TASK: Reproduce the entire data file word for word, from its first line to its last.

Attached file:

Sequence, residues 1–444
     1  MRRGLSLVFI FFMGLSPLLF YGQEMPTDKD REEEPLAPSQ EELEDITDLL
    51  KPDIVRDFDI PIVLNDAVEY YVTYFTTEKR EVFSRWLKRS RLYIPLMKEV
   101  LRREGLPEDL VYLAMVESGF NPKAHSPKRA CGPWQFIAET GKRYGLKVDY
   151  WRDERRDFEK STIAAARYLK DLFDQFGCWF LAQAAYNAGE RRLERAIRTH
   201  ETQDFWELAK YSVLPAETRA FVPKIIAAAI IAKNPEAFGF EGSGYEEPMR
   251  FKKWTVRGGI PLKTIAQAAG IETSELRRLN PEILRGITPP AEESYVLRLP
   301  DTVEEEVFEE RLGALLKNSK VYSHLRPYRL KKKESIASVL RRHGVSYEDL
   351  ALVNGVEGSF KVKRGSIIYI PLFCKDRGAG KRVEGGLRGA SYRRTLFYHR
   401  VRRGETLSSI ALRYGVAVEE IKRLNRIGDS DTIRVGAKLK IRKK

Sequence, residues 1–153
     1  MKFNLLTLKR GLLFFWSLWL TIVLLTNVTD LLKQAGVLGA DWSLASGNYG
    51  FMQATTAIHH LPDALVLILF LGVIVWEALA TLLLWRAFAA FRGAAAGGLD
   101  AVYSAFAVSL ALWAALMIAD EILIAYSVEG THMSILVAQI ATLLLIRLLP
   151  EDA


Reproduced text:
Sequence, residues 1–444
     1  MRRGLSLVFI FFMGLSPLLF YGQEMPTDKD REEEPLAPSQ EELEDITDLL
    51  KPDIVRDFDI PIVLNDAVEY YVTYFTTEKR EVFSRWLKRS RLYIPLMKEV
   101  LRREGLPEDL VYLAMVESGF NPKAHSPKRA CGPWQFIAET GKRYGLKVDY
   151  WRDERRDFEK STIAAARYLK DLFDQFGCWF LAQAAYNAGE RRLERAIRTH
   201  ETQDFWELAK YSVLPAETRA FVPKIIAAAI IAKNPEAFGF EGSGYEEPMR
   251  FKKWTVRGGI PLKTIAQAAG IETSELRRLN PEILRGITPP AEESYVLRLP
   301  DTVEEEVFEE RLGALLKNSK VYSHLRPYRL KKKESIASVL RRHGVSYEDL
   351  ALVNGVEGSF KVKRGSIIYI PLFCKDRGAG KRVEGGLRGA SYRRTLFYHR
   401  VRRGETLSSI ALRYGVAVEE IKRLNRIGDS DTIRVGAKLK IRKK

Sequence, residues 1–153
     1  MKFNLLTLKR GLLFFWSLWL TIVLLTNVTD LLKQAGVLGA DWSLASGNYG
    51  FMQATTAIHH LPDALVLILF LGVIVWEALA TLLLWRAFAA FRGAAAGGLD
   101  AVYSAFAVSL ALWAALMIAD EILIAYSVEG THMSILVAQI ATLLLIRLLP
   151  EDA